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Hi I am beginner in java and my program has 4 for loops: my program works like this that if b is true ,the element will be removed from pointList and n will be n-- and the I want to go out from all for loops and come again from the first for loop so l will be l++,how can i do this ? with break statement?

for (int l = 0; l < n; l++) {
  for (int i = 1; i < (n - 2); i++) {
      for (int j = i + 1; j < (n - 1); j++) {
          for (int k = j + 1; k < n; k++) {
              if (l != i && l != j && l != k) {
                  boolean b = isOK(pointList.get(l), pointList.get(i), pointList.get(j), pointList.get(k));
                  System.out.println(b);
                  if (b == true) {
                      pointList.remove(pointList.get(l);
                      n--;
                      break;
                  }
                  else
                      System.out.println(b);
              }
           }
       }
    }
}
share|improve this question
    
OMG! Is it realy neccessary to walk through in this way? Please avoid cascading loops.. –  elCapitano Nov 18 '10 at 11:01
    
duplicate stackoverflow.com/questions/551578/… –  SunnyShah Nov 18 '10 at 11:02
    
Maybe you can describe in a few words what do you want to do? "remove l-th item if b is true". Your code contains syntax errors. Fix it, please, and clarify your question. –  khachik Nov 18 '10 at 11:02
    
It looks like you are trying to find 4 elements which meet some criteria. If you explained what the criteria was, perhaps we could suggest a simpler way of doing the same thing. e.g. perhaps sorting the list first might simplify the loops. –  Peter Lawrey Nov 18 '10 at 11:04
    
+1 - Nearly useless link, but I agree with the advice anyway. –  T.E.D. Nov 18 '10 at 11:08

9 Answers 9

up vote 16 down vote accepted

You can make use of a labeled break as:

      for (int l = 0; l < n; l++) {
 foo:    for (int i = 1; i < (n - 2); i++) {
            for (int j = i + 1; j < (n - 1); j++) {
                for (int k = j + 1; k < n; k++) {
                    if (l != i && l != j && l != k) {
                        boolean b = isOK(pointList.get(l), pointList.get(i), pointList.get(j), pointList.get(k));
                        System.out.println(b);
                        if (b == true) {
                            pointList.remove(pointList.get(l);
                            n--;
                            break foo;
                        }
                        else
                            System.out.println(b);
                    }

                }

            }
        }
    }
share|improve this answer
    
this is a goto in disguise, right? :) –  lorenzog Nov 18 '10 at 11:01
    
it will break just the last three for loops and then it will start with the first loop and goes within those three for loops too? –  user472221 Nov 18 '10 at 11:13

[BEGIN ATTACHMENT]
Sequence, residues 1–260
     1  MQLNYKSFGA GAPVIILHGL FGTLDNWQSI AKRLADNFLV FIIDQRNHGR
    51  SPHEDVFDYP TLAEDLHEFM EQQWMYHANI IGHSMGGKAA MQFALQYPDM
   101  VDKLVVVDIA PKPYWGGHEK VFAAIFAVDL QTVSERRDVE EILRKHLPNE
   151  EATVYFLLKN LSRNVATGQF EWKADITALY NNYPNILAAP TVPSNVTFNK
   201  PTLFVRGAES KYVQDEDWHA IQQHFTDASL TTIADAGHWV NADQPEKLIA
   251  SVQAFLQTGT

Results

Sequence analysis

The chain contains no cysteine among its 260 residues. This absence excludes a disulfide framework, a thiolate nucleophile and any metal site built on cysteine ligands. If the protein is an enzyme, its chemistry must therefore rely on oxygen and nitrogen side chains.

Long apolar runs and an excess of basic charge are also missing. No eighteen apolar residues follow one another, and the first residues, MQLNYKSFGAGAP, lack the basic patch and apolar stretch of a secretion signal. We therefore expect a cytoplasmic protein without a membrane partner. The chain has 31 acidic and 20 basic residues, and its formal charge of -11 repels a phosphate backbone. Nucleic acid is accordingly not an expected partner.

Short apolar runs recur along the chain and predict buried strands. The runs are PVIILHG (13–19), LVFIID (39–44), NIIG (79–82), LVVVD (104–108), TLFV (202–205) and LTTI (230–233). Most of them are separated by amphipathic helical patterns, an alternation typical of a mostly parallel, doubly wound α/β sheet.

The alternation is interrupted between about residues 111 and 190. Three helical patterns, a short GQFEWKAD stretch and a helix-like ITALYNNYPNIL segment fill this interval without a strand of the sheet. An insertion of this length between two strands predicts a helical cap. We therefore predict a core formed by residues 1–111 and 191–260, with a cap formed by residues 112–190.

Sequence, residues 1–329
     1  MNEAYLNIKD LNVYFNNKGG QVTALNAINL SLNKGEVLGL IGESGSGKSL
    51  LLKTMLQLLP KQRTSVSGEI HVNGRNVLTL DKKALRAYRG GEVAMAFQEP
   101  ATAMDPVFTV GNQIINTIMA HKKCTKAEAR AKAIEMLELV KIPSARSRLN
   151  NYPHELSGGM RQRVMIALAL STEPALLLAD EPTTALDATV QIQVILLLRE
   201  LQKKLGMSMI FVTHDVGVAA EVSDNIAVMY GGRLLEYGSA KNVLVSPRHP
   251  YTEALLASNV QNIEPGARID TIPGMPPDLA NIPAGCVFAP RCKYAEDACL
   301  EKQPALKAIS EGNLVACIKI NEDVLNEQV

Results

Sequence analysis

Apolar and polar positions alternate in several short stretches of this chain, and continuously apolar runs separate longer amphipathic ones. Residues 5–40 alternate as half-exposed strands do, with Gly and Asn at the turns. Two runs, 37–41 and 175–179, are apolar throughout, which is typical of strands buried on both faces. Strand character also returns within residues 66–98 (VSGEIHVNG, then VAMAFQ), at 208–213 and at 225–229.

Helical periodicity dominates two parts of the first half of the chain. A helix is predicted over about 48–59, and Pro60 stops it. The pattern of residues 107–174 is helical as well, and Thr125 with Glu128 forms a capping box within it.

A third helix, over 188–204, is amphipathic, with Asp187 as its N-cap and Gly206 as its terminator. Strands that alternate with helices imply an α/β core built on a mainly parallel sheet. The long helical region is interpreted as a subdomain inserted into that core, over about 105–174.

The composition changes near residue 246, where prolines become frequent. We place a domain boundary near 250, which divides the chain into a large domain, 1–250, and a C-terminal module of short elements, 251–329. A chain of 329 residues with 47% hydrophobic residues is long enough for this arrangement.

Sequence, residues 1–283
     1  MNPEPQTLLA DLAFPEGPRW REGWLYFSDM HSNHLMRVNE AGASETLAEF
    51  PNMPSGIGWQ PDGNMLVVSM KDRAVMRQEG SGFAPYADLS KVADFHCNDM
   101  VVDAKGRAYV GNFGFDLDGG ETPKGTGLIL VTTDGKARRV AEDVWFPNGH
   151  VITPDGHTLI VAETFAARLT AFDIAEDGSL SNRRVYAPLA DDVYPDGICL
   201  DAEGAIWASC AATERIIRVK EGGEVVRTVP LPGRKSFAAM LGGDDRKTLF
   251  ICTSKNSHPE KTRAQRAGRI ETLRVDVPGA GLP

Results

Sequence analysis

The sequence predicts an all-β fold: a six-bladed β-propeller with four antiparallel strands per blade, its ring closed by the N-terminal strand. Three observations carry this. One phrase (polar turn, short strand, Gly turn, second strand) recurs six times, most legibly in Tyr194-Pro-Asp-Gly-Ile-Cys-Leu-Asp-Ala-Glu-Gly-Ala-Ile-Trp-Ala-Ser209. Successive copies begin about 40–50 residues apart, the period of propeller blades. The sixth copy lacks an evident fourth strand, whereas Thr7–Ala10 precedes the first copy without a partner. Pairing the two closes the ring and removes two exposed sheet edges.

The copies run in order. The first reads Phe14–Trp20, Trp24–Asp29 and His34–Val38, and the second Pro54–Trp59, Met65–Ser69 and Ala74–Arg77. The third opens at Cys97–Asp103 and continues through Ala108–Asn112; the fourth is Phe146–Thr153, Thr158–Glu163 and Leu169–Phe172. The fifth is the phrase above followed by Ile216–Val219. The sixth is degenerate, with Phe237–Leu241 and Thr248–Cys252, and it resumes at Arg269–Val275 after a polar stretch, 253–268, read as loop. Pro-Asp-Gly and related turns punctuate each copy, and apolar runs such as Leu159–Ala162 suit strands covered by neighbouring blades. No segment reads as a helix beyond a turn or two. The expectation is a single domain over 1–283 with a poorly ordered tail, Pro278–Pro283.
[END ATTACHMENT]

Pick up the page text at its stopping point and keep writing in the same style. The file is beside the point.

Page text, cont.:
1  
You could consider any branching statement to be a "goto in disguise" I suppose. But they all have their limits and their uses. Even goto itself does, actually (state machines are a PITA without it). –  T.E.D. Nov 18 '10 at 11:17
    
thanks a lot for your answer! –  user472221 Nov 18 '10 at 11:50
    
didn0t event know that there are labeld breaks in java :D –  RoflcoptrException Nov 19 '10 at 11:27

In a loop the break statement terminates the inner loop while continue skips to the next iteration. In order for these two statements to work on a different loop to the inner one you need to use labels. Something like this should work:

outerloop:      
        for (int l = 0; l < n; l++) {
            for (int i = 1; i < (n - 2); i++) {
                for (int j = i + 1; j < (n - 1); j++) {
                    for (int k = j + 1; k < n; k++) {
                        if (l != i && l != j && l != k) {
                            boolean b = isOK(pointList.get(l), pointList.get(i), pointList.get(j), pointList.get(k));
                            System.out.println(b);
                            if (b == true) {
                                pointList.remove(pointList.get(l);
                                n--;
                                continue outerloop;
                            }
                            else
                                System.out.println(b);
                        }

                    }

                }
            }
        }
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Have a look at the labeled break statement

for example here: Branching Statements

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String valueFromObj2 = null;
String valueFromObj4 = null;
OUTERMOST: for(Object1 object1: objects){
  for(Object2 object2: object1){
    //I get some value from object2
    valueFromObj2 = object2.getSomeValue();
    for(Object3 object3 : object2){
      for(Object4 object4: object3){